With support from the National Institute of Arthritis and Musculoskeletal and Skin Diseases (NIAMS) at the National Institutes of Health, Betty Diamond, M.D., of Albert Einstein College of Medicine, and her colleagues have found that antibodies that attack the DNA of people with lupus can also attack molecules that bind glutamate, a neurotransmitter involved in nerve cell activity. These antibodies, they discovered, can cause neuron death, and are present in the fluid of the brain and spinal cord (cerebrospinal fluid), possibly affecting brain function.
"For people with lupus and their families, potential cognitive and neuropsychiatric symptoms can be particularly distressing," said NIAMS Director Stephen I. Katz, M.D., Ph.D. "This work will help us move ahead in our understanding of the disease's nervous system complications."
In lupus, antibodies that attack double-stranded DNA are known to contribute to kidney problems. The scientists showed that these antibodies also react with similarly structured molecules called NMDA receptors, channels that control the activity of glutamate, the neurotransmitter that stimulates nerve cells. These same antibodies, moreover, are involved in the programmed death of neurons, and the investigators demonstrated their presence in the cerebrospinal fluid of a lupus patient. These factors, they concluded, showed a possible pathway to the neurological symptoms some people with lupus experience.
"Previous studies have documented cognitive dysfunction in patients with SLE, but there has been no explanation for this symptom," said Dr. Diamond. "The excitement of identifying this potential mechanism for cognitive decline is that it suggests therapeutic possibilities."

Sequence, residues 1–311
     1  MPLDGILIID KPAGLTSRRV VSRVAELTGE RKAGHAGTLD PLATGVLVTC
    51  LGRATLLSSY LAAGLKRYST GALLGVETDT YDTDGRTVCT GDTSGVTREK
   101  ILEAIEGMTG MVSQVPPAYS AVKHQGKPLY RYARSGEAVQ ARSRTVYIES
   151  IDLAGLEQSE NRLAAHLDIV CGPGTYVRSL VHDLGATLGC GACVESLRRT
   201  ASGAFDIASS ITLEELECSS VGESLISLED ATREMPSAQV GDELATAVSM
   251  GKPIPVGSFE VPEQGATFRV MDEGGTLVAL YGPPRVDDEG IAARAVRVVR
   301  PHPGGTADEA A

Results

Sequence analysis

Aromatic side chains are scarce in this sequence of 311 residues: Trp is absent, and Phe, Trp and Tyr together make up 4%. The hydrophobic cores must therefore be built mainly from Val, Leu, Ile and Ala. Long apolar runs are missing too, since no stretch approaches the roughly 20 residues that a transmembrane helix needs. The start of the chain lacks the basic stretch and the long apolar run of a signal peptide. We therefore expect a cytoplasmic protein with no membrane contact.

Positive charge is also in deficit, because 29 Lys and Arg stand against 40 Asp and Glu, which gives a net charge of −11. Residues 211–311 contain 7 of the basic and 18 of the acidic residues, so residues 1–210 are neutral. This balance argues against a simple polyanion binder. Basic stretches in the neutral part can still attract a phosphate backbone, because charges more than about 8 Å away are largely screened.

Lupus is a rheumatic disease with a variety of symptoms and an unpredictable, individualized course. It may affect multiple organs, with common symptoms that include extreme fatigue, painful or swollen joints, unexplained fever and skin rashes. In some patients, lupus can cause headaches, dizziness, memory disturbances, vision problems, stroke, or changes in behavior.
Lupus usually occurs in young women of childbearing years, but many men and children also develop it. African Americans and Hispanics have a higher frequency of the disease than do Caucasians. Both genetic and environmental factors appear to play a role in lupus.
The study was also supported by the Systemic Lupus Erythematosus (SLE) Foundation and the American Heart Association.
The mission of the National Institute of Arthritis and Musculoskeletal and Skin Diseases (NIAMS), a part of the federal National Institutes of Health, is to support research into the causes, treatment and prevention of arthritis and musculoskeletal and skin diseases, the training of basic and clinical scientists to carry out this research, and the dissemination of information on research progress in these diseases. For more information about NIAMS, call our information clearinghouse at 1-877-22-NIAMS or visit the NIAMS Web site at www.niams.nih.gov.
To contact Dr. Diamond, call Ray Fleming at 301-496-8190. To contact the Albert Einstein College of Medicine, call Karen Gardner at 718-430-3101.
Reference: DeGiorgio L, Konstantinov K, Lee S, Hardin J, Volpe B, Diamond B. A subset of lupus anti-DNA antibodies cross-reacts with the NR2 glutamate receptor in systemic lupus erythematosus. Nature Medicine 2001;7(11):1-5.